The car arrived! The body and exterior were pretty clean other than a few small dings, some missing trim, and the traces of an old Union Jack decal on the roof. The interior was also in very good shape, just typical wear on the driver’s seat. Most importantly, everything looked and felt dry, including the carpet. We hooked up the battery jump box and turned the key to ON. The odometer showed only 104k miles. Lights, A/C controls, etc. seemed to be working. All good signs. Under the hood is where things started looking worse. The spark plugs were already out of the engine. Checking the dipstick showed only water, no oil. Bummer, but we pretty much expected the engine to need a rebuild and that was part of the project. After giving the car a nice wash, we brought it inside and put it up on the lift. While the water drained from the oil pan, we got a better look at the underside of the car. Everything looked solid, but there was a nice layer of surface rust on most of the suspension and brake components, especially in the rear. Not a big deal, because most of that is going to be replaced anyway.
Up on the lift for the first time. Also a good action shot of our sweet fan.
Getting a good look underneath. Note the missing muffler. The car had some "custom" exhaust work.
Next step was to pull some of the interior to check for any water-related issues. Surprisingly, the carpet was totally dry. No signs of water anywhere in the passenger compartment. We got some weights of the interior stuff as it came out. The complete carpet is only 15 pounds. The front seats (non-sport) are 94 pounds for the pair. The rear seats are 38 pounds.
Getting some of the interior out. Everything was clean and dry.
The carpet and center console pieces don't weigh very much.
Found a new friend inside the car.
Next up was to get the engine and transmission out. Remove the front bumper and radiator support with radiator, fan, CVT fluid cooler, and condenser. Unhook the positive battery cable, the engine harness from DME and body, the power steering fan and pump wires, the fuel supply line and vent line, heater hoses, and shifter cable. Remove the axles and the lower engine torque mount. It’s a good idea to remove the lower bell housing bolts now while there’s easier access. Disconnect the exhaust manifold from the head, or remove it entirely. Support the engine / transmission from underneath and remove the upper mounts and brackets. Now the engine and transmission can be removed from the front.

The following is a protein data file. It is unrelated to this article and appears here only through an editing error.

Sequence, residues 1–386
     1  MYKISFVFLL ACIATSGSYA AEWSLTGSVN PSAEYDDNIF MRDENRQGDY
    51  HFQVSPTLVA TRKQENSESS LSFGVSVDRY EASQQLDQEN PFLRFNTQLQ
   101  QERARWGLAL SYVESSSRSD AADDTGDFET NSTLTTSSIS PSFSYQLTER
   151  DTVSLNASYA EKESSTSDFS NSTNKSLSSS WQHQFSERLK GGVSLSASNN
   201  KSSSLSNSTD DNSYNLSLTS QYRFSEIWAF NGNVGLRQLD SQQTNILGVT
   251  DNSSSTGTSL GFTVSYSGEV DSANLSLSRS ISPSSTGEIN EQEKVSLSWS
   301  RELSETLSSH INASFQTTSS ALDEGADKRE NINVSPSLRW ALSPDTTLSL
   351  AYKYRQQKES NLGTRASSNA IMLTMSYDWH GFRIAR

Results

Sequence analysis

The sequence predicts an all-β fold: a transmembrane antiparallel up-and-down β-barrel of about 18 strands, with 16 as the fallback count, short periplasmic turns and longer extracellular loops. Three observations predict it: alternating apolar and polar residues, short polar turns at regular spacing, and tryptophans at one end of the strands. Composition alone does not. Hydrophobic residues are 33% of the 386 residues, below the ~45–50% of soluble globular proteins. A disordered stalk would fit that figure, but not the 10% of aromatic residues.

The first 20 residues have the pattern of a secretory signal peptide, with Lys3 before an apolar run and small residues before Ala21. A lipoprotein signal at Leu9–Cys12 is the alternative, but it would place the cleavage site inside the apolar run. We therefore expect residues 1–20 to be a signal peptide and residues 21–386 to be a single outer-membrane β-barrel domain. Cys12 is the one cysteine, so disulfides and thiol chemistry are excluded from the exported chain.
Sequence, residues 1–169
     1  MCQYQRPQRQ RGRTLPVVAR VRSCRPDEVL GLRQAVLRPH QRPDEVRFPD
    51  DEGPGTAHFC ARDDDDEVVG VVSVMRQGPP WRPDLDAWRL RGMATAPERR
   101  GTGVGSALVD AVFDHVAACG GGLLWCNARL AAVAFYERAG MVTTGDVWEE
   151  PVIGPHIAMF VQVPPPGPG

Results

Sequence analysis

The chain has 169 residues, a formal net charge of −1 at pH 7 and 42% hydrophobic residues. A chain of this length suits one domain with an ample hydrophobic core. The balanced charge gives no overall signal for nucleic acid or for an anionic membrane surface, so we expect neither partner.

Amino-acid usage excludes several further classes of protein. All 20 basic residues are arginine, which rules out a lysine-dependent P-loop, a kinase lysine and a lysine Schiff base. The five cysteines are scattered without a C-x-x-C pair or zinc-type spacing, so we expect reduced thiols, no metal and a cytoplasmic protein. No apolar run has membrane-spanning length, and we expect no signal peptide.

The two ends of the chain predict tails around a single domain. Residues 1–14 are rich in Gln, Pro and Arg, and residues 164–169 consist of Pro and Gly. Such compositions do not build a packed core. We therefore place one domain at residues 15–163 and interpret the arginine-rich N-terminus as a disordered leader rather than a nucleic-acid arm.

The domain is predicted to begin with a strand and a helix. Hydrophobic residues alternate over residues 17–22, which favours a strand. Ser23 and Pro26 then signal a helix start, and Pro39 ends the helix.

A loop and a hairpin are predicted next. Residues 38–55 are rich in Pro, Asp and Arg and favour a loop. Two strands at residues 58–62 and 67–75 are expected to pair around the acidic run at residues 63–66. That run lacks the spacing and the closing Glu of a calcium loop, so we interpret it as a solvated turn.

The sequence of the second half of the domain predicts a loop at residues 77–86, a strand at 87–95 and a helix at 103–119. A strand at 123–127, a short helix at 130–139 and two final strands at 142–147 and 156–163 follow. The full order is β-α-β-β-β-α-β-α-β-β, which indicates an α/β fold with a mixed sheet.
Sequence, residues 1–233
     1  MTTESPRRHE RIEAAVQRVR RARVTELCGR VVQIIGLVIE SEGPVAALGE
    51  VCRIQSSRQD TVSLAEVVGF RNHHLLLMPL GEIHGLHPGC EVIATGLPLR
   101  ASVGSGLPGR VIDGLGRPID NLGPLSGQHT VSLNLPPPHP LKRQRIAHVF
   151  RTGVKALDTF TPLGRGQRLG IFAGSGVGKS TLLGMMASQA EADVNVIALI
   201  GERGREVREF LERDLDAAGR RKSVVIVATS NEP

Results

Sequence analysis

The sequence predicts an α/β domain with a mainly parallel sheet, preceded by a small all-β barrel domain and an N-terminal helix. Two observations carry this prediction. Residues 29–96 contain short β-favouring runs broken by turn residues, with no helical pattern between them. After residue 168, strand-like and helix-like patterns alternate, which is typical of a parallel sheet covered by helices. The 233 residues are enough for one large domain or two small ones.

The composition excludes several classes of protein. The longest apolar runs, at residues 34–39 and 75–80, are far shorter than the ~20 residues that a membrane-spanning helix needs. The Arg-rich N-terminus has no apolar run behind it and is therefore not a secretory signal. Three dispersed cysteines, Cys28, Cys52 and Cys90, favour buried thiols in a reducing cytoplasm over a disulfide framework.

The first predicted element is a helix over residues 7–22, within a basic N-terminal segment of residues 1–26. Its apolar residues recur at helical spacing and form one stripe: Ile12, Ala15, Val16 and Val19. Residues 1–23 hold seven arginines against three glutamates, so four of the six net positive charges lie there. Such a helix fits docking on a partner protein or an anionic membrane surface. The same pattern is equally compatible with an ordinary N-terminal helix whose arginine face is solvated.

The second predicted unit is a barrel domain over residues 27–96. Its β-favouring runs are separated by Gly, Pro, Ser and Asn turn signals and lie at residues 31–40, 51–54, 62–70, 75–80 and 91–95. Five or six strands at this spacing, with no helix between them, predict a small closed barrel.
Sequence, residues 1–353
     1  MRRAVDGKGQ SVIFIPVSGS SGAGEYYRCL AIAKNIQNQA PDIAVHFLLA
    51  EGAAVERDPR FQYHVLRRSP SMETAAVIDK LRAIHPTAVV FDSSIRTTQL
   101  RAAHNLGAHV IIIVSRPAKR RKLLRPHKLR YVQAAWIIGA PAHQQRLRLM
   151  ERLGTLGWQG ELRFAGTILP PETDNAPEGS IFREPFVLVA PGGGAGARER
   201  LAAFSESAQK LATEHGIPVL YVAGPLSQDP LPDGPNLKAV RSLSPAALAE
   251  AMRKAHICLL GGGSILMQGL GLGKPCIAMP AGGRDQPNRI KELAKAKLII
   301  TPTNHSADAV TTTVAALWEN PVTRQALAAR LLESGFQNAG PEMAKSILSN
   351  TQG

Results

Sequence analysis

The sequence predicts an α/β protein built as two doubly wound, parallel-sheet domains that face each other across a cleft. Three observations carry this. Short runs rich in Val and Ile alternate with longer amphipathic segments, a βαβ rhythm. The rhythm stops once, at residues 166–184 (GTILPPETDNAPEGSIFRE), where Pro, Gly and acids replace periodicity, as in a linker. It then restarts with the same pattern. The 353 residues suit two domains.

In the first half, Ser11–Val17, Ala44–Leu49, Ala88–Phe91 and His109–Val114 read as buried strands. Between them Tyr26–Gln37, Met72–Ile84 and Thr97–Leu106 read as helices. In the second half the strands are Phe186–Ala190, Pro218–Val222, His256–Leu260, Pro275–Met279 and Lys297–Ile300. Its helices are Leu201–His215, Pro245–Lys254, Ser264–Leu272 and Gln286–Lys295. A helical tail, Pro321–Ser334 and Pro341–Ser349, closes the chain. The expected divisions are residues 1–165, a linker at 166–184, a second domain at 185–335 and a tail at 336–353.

Getting ready to remove the engine and transmission.
This lifting table / cart works great for engine removal. We put the bumper back on for some reason.
Once the engine was out, we saw a large hole in the rear of the block that somehow hadn’t been noticed before. The transmission was separated from the engine, then engine disassembly to see if anything was salvageable. There was some water in the intake manifold. The head, camshaft, and rockers looked good. Cylinder #1 was trashed. Once the pan came off, that was the end of disassembly. The #1 rod was broken and the crankshaft was damaged.
Inside the oil pan. Yum.
#1 connecting rod.
Next, we removed the front and rear subframes with steering and suspension components, the remaining exhaust, fuel tank, and heat shields. Most of the suspension pieces went right into the scrap bin and will be replaced with new. Some of the brake hard lines were a little rusty, so those were removed and will be replaced with some nice ones from a parts car. There was small amounts of surface rust in the fuel tank area, but luckily we got to it before any real damage started. There was also some spots of surface rust starting under the door seals on both sides, which is a common problem on these cars. All of this will be removed, treated, painted, seam sealed, etc. as needed. Overall, the body is solid with no major issues. Finally, we brought the car outside for a good cleaning of the engine bay and underneath; all of the places that are never accessible. Everything cleaned up nicely and the car was ready to come back inside.
Front subframe removal. Having a forklift is helpful.
Rear subframe removal. The forklift won't fit back here.
Fuel tank removed and cleaned.
Washing underneath. The boards are just there to protect the undercoating from the forks somewhat. They are NOT supporting any weight. It's hard to tell from the picture, but our forks reach all the way through.
All cleaned up.
Back inside on the lift. Getting a better look underneath with everything out of the way.